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Brain-controlled third arm lets you take your multitasking to the next level

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By Luke Dormehl


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For whatever reason, some seriously smart folks in the tech community seem to be obsessed with adding extra appendages to the human body — and they’re getting more ambitious all the time. First, it was the 3D-printed functioning extra thumb prosthesis, made by a graduate student at London’s Royal College of Art. Then, it was the robotic Double Hand, dreamed up by augmented human startup YouBionic. Now, researchers from the Advanced Telecommunications Research Institute in Kyoto, Japan are taking the next logical step by creating a robotic third arm that will allow its wearers to take their multitasking ability to warp speed. Oh, and did we mention that it’s mind-controlled, too?

“Instead of a robot arm system, I would call it, a [brain-machine interface] (BMI) system for multitasking,” Christian Penaloza, a researcher on the project, told Digital Trends. “Traditional BMI systems are used mostly to recover or replace a lost function of a person with a disability, but not to enhance the capabilities of healthy users. Common BMI systems require the user to concentrate on a particular task, such as controlling a robot arm or wheelchair, while the body stays still. That means that the user can only do a single task. Due to the current limitations of BMI systems, it is more convenient for healthy users to use their own bodies instead.”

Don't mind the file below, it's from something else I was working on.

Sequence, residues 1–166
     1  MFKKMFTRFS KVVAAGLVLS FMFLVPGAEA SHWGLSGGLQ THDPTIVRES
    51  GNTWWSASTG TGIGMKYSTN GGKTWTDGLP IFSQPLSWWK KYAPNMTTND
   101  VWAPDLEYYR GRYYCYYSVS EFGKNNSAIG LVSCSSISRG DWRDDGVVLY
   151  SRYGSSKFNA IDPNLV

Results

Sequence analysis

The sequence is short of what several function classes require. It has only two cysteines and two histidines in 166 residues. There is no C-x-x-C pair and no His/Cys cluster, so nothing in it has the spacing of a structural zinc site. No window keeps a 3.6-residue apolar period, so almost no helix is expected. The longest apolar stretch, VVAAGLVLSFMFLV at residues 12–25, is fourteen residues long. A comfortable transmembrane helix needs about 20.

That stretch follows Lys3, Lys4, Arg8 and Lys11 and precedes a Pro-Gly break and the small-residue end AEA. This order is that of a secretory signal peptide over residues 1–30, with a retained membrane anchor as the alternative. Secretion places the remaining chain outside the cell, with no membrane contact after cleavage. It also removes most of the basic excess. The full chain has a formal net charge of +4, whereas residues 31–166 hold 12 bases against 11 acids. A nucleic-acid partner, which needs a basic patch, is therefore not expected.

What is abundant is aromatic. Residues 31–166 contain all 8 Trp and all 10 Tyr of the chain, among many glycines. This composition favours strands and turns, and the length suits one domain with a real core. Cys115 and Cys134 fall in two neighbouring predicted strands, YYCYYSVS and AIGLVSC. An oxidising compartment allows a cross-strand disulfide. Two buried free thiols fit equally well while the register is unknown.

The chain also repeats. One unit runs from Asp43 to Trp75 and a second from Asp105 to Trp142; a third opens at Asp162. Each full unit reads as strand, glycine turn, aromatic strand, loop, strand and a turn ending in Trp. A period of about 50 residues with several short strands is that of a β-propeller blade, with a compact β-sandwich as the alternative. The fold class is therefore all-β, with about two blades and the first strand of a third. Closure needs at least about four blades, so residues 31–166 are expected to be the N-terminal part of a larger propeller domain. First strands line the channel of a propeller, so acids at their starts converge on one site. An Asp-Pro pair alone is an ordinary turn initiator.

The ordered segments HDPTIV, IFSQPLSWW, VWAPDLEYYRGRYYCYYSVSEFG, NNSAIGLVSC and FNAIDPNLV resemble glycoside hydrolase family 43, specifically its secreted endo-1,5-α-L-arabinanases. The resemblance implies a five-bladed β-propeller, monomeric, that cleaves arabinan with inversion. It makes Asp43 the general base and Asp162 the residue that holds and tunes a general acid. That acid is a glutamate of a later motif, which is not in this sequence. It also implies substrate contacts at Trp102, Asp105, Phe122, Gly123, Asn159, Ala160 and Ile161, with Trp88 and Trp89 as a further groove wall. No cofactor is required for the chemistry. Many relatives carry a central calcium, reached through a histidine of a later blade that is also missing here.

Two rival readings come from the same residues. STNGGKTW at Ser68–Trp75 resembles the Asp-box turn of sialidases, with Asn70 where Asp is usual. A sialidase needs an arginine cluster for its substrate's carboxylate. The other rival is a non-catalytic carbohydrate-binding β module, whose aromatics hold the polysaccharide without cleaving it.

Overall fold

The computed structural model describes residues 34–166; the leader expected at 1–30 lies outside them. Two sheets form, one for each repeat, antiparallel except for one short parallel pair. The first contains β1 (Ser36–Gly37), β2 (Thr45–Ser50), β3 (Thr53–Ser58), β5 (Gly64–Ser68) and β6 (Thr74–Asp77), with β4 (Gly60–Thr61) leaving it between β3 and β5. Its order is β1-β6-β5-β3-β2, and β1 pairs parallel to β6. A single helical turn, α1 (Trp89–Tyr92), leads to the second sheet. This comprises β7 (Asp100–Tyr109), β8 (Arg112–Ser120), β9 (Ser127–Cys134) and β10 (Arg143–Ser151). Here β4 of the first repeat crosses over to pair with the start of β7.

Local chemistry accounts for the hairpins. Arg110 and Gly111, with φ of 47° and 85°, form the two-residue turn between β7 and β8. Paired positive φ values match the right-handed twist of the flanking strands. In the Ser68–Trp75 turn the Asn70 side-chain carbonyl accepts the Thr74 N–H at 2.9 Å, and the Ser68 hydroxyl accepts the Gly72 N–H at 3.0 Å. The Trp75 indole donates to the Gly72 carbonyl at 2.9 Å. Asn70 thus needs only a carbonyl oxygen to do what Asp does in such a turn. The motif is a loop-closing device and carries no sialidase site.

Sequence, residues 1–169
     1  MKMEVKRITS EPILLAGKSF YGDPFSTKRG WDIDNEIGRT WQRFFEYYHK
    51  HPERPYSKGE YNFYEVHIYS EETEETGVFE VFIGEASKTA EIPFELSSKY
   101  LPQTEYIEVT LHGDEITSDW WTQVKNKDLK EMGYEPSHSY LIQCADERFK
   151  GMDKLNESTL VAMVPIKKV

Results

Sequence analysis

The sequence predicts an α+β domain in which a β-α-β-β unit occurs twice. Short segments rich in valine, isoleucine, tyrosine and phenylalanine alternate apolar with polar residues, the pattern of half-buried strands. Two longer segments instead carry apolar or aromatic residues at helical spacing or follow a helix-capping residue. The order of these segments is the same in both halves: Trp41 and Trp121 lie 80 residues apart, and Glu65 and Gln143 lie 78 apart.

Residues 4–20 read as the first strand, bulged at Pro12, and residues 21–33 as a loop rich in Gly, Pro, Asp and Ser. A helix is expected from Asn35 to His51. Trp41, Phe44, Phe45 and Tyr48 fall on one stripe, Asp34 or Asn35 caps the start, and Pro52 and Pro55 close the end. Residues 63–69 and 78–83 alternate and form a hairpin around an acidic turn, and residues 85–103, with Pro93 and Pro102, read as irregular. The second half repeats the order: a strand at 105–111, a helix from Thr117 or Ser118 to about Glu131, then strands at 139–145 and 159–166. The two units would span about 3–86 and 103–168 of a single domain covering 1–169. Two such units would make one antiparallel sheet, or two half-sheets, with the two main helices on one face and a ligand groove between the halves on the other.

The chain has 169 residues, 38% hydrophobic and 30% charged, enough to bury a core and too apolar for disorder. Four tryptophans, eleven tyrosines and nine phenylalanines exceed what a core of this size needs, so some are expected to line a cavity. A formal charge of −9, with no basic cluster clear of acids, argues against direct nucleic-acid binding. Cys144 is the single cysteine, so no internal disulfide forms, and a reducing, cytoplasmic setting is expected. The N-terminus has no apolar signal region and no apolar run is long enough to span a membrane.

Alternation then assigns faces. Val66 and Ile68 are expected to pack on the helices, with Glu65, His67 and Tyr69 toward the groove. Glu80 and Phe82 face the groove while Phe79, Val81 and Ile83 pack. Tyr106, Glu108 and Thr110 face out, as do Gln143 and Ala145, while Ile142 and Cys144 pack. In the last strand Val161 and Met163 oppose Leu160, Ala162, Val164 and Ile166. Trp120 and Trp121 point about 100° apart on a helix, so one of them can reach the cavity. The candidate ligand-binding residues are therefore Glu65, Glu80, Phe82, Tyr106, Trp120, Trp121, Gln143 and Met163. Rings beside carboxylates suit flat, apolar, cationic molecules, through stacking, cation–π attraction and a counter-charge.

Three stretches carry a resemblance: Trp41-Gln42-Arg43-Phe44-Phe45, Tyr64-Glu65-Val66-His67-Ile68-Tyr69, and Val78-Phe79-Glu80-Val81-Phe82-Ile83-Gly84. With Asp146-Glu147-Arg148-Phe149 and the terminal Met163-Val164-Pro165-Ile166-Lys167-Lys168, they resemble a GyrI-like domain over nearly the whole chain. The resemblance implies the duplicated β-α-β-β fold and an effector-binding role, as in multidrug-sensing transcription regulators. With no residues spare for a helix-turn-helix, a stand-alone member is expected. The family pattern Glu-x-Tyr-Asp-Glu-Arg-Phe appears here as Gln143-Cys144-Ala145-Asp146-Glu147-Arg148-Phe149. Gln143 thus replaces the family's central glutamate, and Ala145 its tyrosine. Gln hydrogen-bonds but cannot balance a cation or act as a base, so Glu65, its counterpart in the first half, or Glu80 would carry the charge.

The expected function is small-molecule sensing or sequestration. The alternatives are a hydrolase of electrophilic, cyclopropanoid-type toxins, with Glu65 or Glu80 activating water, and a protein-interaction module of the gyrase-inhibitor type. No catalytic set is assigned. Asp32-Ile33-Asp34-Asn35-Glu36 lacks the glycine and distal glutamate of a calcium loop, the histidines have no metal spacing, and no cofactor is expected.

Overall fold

brain machine interface japan third arm prosthetichandbrain
Hiroshi Ishiguro Laboratory, ATR

What the researchers at the Advanced Telecommunications Research Institute have developed is a brain-machine interface with a focus on multitasking. The robotic arm used in their demonstration is controlled via two electrodes which are stuck on the user’s head in order to capture their brain activity. Without requiring a person’s full attention, it’s possible to control the arm to carry out certain feats. That means that users can engage in one task while carrying out a second hands-free task simultaneously.

“In our experiments, we used a human-like robot arm for participants to grasp a bottle, while they did a different task [of] balancing a ball,” Penaloza continued. “[In terms of real-world applications] we could think of future use cases for this particular system, such as future construction or manufacturing workers who can use a third arm to increase their productivity, or even astronauts in space. However, the applications do not have to be limited to a robotic arm. Perhaps in the future, we could use the system to control other devices — household devices, cell phones, or machinery — while we do another task.”

A paper describing the work was recently published in the journal Science Robotics.


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